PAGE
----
Committee for Media Integrity

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David Horowitz's Committee for Media Integrity ("COMINT") was a right-wing pressure group that attempted to move public television to the right by advocating the de-funding of public television (PBS). It also sought to stigmatize as biased and censor programming it does not approve of. [1]

COMINT, founded in 1988, eventually came under the aegis of Horowitz' umbrella organization for his side projects, the Center for the Study of Popular Culture. Throughout its existence, COMINT has been overshadowed by better funded right-wing media pressure groups such as Reed Irvine's Accuracy in Media and Brent Bozell's Media Research Center.

COMINT appears to have been discontinued around 2002 and there is no mention of COMINT on the Center for the Study of Popular Culture's website.

David Brock, in his book The Republican Noise Machine, said:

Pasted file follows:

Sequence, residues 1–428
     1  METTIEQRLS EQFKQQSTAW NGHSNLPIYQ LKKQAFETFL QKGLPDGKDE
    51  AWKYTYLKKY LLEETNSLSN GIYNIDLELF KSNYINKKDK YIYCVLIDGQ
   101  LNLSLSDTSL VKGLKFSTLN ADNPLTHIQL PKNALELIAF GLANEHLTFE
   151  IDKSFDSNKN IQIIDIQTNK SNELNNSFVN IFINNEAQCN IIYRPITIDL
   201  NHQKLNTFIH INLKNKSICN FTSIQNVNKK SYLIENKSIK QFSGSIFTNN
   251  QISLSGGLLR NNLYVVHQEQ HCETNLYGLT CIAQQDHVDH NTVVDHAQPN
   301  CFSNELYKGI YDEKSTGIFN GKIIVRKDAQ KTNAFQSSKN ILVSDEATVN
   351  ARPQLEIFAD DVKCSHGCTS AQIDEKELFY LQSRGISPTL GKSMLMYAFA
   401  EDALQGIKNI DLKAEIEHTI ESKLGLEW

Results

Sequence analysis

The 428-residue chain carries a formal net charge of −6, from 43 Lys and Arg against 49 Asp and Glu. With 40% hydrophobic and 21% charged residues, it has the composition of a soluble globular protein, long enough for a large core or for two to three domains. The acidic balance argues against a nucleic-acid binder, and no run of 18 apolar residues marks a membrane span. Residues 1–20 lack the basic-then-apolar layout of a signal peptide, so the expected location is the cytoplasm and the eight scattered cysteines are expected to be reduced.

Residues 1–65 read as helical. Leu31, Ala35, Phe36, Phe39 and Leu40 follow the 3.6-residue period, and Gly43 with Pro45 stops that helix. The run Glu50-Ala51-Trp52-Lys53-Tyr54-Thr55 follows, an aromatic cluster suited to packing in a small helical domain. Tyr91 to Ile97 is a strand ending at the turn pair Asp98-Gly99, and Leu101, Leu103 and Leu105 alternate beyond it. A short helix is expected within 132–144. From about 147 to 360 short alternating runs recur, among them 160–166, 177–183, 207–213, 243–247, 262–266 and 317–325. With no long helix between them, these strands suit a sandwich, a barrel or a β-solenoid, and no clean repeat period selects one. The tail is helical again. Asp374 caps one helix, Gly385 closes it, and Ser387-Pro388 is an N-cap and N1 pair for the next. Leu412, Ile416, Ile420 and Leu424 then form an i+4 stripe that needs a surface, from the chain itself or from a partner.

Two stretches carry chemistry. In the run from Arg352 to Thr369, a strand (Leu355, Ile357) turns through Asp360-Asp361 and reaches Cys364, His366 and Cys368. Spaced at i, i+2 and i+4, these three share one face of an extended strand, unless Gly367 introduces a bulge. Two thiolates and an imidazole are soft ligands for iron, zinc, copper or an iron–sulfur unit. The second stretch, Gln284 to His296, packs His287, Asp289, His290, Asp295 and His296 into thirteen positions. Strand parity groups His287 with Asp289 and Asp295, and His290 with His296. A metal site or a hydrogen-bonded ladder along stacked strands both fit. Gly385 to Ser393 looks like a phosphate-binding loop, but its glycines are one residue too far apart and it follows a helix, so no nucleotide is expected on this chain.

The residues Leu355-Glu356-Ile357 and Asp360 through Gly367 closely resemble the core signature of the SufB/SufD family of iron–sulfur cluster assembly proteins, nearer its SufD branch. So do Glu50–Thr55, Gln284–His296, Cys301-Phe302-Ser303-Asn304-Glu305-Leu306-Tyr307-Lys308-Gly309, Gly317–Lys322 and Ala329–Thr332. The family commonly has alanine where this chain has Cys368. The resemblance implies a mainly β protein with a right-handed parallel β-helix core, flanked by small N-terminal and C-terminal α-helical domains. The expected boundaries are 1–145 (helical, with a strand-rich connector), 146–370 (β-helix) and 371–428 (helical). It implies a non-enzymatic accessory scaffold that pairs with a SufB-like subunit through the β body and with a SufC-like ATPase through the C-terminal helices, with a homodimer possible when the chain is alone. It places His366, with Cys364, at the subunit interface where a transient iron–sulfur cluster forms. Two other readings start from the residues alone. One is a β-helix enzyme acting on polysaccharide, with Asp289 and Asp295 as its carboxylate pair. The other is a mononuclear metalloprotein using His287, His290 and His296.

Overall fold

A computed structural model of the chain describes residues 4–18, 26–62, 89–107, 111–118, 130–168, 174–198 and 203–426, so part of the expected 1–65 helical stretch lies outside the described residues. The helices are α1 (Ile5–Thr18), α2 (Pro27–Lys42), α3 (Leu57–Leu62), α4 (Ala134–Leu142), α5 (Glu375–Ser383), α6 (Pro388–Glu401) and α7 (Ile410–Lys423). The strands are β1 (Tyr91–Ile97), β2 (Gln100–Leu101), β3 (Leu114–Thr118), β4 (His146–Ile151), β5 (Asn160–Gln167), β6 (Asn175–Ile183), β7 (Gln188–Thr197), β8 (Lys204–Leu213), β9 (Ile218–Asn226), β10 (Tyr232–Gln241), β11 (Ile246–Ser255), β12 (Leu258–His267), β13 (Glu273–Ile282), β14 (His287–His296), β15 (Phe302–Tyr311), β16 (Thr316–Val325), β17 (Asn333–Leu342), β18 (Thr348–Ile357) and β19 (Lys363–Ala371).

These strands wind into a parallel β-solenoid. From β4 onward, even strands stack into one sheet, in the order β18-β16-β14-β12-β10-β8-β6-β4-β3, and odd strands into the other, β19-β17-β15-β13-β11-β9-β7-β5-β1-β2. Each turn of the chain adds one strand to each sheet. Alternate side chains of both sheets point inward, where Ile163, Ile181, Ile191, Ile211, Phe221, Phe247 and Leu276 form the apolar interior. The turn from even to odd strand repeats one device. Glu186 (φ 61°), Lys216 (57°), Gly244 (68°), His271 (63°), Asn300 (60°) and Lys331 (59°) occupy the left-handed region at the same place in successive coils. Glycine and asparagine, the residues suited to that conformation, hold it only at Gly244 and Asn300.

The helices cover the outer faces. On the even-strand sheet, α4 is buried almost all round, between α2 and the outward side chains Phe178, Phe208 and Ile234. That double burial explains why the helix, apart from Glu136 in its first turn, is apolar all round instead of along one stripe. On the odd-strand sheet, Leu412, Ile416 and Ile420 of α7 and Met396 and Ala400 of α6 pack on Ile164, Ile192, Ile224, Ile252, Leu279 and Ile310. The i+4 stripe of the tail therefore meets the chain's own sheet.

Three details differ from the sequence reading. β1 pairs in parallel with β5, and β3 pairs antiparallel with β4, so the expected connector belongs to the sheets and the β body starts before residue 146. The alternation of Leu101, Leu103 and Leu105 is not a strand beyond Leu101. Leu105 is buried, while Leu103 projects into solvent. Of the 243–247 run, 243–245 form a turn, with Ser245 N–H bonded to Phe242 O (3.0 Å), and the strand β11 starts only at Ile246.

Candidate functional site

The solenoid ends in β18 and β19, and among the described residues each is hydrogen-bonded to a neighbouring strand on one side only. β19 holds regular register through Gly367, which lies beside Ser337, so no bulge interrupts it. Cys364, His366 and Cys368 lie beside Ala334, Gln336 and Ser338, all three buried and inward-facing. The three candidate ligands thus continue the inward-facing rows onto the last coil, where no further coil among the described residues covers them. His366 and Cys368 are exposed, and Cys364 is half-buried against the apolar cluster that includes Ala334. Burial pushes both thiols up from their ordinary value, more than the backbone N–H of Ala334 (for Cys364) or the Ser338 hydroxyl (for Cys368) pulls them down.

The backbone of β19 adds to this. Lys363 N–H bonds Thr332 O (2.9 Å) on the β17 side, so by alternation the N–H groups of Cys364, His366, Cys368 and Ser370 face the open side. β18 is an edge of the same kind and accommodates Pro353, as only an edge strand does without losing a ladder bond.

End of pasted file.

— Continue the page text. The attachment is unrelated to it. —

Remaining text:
"In 1988, while advising the contras at the behest of Reagan State Department official and future Iran-contra scandal figure, Elliott Abrams, Horowitz founded the Committee on Media Integrity (COMINT) to monitor PBS programming.
"One of the first subjects COMINT tackled was a PBS Frontline episode on the Iran-contra affair that Horowitz found displeasing. After Horowitz made a stink, PBS aired a pro-contra broadcast Nicaragua Was Our Home, funded by a Moonie group called CAUSA, which raised money for the contras after Congress terminated funding" (p. 104).

David Horowitz later wrote a scathing response to David Brock regarding the purpose of COMINT.

The organization COMINT at one time published a newletter, also called Comint, which applied pressure to PBS programs deemed to be "liberal" in nature. A lawsuit by Horowitz against a former business partner showed how Horowitz used this pressure to obtain funding from public television sources to develop corrective right leaning programs.

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